HONOLULU (HawaiiNewsNow) - Ovarian cancer is known as a silent killer. More than 21,000 American women are diagnosed with the disease each year. About 15,000 of them die from the illness. Now some brave women are sharing their stories as part of National Ovarian Cancer Awareness month.
Gayle Goshi just celebrated her 53rd birthday. She works full time and enjoys taking trips with her husband, but three years ago she found out she had stage III C ovarian cancer.
"I know with this illness that I have, the staging that it was found to be, that there isn't a cure for this. This is more of a management or control of the disease so it doesn't keep progressing," said Goshi.
The discovery came after she volunteered as a healthy donor for a study at her workplace, Clinical Laboratories of Hawaii. Some troubling results prompted her to call her doctor.
"I had a CT scan done, and actually within 8 days, I went from thinking I was a healthy volunteer to having surgery," recalled Goshi.
446 women in Hawaii had ovarian cancer between 2000 and 2005, according to the latest figures from the Hawaii Tumor Registry and the Cancer Research Center of Hawaii.
"I had no symptoms. I mean the symptoms that you read about - the bloating, the urinary frequency, just not feeling well, things like that - I never had any of that," said Goshi.
Ruth Merz, 65, realized something was wrong in February 2009.
"I noticed that when I laid down, I could feel my fibroids, what I thought were fibroids. I thought, 'Gee, I'm in menopause. They shouldn't be getting bigger, they should be getting smaller,'" Merz said.
At the same time, her professional career came to an end. She served as the administrator for a Department of Health program that was suddenly shut down.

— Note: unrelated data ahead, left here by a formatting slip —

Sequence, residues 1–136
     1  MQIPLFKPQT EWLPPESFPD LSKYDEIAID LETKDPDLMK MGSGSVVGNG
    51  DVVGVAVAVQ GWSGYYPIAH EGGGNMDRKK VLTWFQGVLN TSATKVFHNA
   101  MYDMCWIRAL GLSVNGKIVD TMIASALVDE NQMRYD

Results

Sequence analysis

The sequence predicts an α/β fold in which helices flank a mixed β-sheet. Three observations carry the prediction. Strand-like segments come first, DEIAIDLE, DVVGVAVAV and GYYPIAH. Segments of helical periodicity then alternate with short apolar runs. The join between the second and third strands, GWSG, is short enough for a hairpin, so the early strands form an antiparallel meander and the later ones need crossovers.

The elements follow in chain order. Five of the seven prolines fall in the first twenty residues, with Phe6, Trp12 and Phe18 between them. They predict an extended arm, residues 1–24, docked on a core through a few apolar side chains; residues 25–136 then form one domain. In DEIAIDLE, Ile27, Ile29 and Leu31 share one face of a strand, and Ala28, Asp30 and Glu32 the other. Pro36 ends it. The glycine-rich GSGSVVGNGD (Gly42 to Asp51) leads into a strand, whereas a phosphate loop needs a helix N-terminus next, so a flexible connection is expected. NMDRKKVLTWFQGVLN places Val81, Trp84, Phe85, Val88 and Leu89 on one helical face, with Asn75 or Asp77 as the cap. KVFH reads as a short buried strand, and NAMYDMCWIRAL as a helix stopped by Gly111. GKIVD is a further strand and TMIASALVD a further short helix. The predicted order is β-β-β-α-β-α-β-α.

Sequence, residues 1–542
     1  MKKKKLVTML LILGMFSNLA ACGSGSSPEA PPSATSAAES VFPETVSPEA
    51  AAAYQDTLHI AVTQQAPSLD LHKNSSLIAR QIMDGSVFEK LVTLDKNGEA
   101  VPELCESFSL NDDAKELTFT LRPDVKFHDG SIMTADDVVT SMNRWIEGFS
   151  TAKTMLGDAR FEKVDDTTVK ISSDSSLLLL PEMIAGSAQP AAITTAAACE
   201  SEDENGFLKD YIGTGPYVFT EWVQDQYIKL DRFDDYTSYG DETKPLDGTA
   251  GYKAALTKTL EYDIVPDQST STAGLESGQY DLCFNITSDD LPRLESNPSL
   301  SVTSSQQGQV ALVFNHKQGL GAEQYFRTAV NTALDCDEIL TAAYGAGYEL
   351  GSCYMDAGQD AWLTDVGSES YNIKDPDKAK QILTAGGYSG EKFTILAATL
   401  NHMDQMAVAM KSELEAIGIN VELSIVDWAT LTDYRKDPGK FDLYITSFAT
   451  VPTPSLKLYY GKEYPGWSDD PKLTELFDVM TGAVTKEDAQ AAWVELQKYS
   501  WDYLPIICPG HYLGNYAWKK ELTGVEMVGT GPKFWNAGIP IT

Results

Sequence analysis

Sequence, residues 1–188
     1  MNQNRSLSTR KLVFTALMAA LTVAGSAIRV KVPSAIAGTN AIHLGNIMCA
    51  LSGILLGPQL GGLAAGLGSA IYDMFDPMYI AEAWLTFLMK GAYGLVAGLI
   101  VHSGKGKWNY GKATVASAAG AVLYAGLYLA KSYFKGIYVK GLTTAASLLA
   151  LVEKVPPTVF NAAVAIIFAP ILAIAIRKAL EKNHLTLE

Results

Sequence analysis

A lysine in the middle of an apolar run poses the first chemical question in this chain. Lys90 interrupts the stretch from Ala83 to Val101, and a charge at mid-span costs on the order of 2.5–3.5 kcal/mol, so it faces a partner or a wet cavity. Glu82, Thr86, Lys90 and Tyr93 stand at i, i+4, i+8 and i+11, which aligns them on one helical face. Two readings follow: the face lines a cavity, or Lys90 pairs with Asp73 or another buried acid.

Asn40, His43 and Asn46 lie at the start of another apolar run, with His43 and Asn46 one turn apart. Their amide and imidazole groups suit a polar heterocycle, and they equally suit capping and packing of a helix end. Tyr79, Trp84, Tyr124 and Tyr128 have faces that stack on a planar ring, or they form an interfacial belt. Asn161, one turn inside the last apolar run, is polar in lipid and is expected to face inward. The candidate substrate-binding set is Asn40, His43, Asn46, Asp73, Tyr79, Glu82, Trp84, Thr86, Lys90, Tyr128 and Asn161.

"You can either curl up in your bed or on your couch and say, 'Forget it, I'm gonna die anyway' or you can say, 'No way, Jose is this gonna get the better of me,'" Merz said.
Ruth turned to Hui Malama O Ola, a support group for women with ovarian cancer, now celebrating its 20th anniversary.
"Sometimes you cry a little, but mostly we just try and laugh," Merz said.
The disease usually strikes women over 45, but survivor Susan Chinn was diagnosed at the age of 35.
"I had no symptoms. I was slightly bloated. I had no idea," Chinn said.
In 2007, she and her husband were trying to start a family. Susan's doctor found the cancer during her preparations for in vitro fertilization.
"Infertility really saved my life," said Chinn.
Fewer than 20% of ovarian cancer patients are diagnosed at an early stage due to the subtle symptoms.
"Know your own body, and advocate for yourself," said Merz.
Members of Hui Malama O Ola hope to raise the survival rate by putting a face on the devastating disease. In April, they met with future nurse practitioners at UH Manoa to offer a lesson that can't be found in a textbook.
"Perhaps when a patient comes in with the symptoms, that maybe they'll think 'Oh, this could be ovarian cancer.' And that's the whole point, that's what we want. And if just one person remembers that, then our job is done," said Chinn.